When the end came, Billy was ready. There was a to-do list, and, when I last spoke with him, he told me he was onto it, his work ethic seemingly undiminished. Billy was one of those self-employed people for whom time off was overtime. The main thing he wanted known was that he was satisfied with his life, that he was dying a happy man. I believe that was because of the attention, international attention especially, that his work attracted over last fifteen years of his life, attention that had eluded it earlier. Perhaps I can best celebrate his life by writing about that.
Billy made a few big changes in the course of his life, each of which had its up side and down side. In 1964, he abandoned a nascent career as a Brit pop artist to move to New York to become an American pop artist. In the late 1960s, he gave up pop to join the new ‘alternative’ downtown scene. When that scene ran its course, he began exhibiting in New Zealand, and later left his New York loft to settle in Auckland. There were too many new starts, which, for a time, meant being left out of survey exhibitions and books. On the other hand, in the long run, it made him a more interesting artist.
By the end of the twentieth century, diverse sectors of a more outward-looking art world were beginning to realise this. Apple’s inclusions in the bellwether show Global Conceptualism: Points of Origin, 1950s–1980s at Queens Museum and Toi Toi Toi: Three Generations of Artists from New Zealand at Kassel’s Fridericianum (both 1999) were good signs. A string of pop-art museum surveys followed; among them were Shopping (Schirn Kunsthalle, Frankfurt, and Tate Liverpool, 2002), The American Supermarket (The Andy Warhol Museum, Pittsburgh, 2003), and International Pop (Walker Art Center, Minneapolis; Dallas Museum of Art; and Philadelphia Museum of Art, 2015). In 2010, the Mayor Gallery, a Cork Street veteran, known for representing American artists of Apple’s generation, began showing and selling his earlier works. A combination of globalisation and ‘generational rollover’ was driving emerging artists, curators, and dealers in Apple’s direction.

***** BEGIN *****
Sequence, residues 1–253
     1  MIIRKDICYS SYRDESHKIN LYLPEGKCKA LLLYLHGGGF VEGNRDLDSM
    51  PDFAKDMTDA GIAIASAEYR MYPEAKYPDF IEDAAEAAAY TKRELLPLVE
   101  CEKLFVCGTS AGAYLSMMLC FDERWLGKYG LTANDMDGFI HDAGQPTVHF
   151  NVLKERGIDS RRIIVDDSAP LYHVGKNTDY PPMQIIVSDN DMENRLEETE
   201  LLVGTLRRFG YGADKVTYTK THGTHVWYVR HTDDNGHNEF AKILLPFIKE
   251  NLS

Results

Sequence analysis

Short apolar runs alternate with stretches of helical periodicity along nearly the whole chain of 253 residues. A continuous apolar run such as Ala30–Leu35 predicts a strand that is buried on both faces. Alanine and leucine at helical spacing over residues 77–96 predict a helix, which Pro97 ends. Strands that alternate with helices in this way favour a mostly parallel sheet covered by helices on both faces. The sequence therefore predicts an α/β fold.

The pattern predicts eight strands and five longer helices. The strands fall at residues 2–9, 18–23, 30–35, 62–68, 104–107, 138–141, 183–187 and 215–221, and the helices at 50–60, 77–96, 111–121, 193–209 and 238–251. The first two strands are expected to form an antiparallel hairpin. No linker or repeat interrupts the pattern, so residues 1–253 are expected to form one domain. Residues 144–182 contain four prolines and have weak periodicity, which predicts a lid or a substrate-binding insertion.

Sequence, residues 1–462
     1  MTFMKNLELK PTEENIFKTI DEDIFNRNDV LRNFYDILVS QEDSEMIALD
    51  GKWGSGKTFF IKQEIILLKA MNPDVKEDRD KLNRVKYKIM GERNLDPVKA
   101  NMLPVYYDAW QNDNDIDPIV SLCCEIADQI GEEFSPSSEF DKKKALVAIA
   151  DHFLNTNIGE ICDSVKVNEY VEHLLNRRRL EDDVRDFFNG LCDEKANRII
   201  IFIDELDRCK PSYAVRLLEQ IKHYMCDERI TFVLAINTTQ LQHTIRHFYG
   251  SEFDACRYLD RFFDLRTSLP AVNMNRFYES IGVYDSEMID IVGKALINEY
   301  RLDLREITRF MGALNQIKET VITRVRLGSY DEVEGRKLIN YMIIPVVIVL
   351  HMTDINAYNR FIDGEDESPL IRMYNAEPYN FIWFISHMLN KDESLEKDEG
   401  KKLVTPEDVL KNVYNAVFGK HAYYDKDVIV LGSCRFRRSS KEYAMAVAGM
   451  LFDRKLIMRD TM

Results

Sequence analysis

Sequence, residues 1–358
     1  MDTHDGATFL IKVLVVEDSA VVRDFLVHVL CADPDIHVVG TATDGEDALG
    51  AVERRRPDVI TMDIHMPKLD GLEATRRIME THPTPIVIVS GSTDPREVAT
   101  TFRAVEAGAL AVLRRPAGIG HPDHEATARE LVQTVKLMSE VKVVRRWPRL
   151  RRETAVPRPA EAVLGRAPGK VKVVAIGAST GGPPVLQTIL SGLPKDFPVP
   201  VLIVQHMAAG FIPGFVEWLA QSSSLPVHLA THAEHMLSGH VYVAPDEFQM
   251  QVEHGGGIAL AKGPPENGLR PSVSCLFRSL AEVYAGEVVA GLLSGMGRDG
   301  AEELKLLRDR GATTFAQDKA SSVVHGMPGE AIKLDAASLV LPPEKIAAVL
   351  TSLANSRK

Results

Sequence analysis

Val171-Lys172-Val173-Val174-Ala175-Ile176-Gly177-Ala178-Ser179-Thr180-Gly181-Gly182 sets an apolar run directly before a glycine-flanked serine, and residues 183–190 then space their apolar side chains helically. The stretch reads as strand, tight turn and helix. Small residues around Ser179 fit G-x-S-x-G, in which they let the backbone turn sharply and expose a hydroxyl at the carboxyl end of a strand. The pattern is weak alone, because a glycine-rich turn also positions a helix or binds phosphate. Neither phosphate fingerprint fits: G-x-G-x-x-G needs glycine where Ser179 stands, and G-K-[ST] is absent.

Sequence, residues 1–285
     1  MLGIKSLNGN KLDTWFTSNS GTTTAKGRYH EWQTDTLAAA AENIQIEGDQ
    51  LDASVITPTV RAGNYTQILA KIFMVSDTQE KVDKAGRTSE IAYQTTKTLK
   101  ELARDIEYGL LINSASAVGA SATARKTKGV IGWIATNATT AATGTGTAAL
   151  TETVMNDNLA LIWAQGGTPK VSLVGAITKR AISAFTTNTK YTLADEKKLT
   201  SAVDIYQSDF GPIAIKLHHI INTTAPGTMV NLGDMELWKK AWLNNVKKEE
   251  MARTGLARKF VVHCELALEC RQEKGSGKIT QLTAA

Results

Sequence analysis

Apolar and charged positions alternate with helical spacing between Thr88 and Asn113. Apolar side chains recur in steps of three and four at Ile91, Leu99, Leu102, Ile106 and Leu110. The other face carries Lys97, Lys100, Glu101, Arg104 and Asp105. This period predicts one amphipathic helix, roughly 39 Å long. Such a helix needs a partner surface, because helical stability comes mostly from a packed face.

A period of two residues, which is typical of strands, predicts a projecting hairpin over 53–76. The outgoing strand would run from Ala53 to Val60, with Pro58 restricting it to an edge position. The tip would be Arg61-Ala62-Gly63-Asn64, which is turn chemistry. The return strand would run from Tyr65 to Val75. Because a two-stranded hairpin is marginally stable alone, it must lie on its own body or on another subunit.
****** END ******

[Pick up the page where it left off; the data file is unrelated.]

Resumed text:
Nicolaus Schafhausen was one of several young European curators now taking a serious interest in Apple’s career. Tobias Berger and Hans Ulrich Obrist were others. In November 2008, Schafhausen visited Apple’s warehouse with his curator Zoe Gray, to choose works for a show, to open the following May in Rotterdam’s critically acclaimed kunsthalle, Witte de With, where he was Director. For Apple, this was a career-defining event, which would set the stage for the international profile that distinguished his final decade. It included fifty works, occupied two floors of Witte de With’s spacious building, and was up for over three-and-a-half months. For the very first time, viewers outside New Zealand got to see Apple’s work as a whole and to understand its integrity and ambition. It was a knock-out show, succinct and compelling in its selection and presentation.
When I arrived, the day before the opening, Billy was eager to walk me round. The pleasures and rigours of installing with him came back to me: he pointed out the walls he’d rearranged, the fluorescent tubes he’d changed, the room-by-room fine tuning of ‘the white cube’ required by each work. There was a rapport with the preparators, whom he’d won over by his bloody-minded fastidiousness. The following morning, Tina Barton and I walked round the show together rehearsing our double-act floor talk, scheduled to follow David Elliott’s public conversation with the artist in the afternoon. Elliott, then Director of the Biennale of Sydney, asked Billy about his 1974 London survey show, From Barrie Bates to Billy Apple. Billy spoke of his bad memories of the Serpentine Gallery’s failure to back him up over a public controversy provoked by one of his works, while Elliott vividly recalled seeing the show as a twenty-five-year-old and how it had inspired him.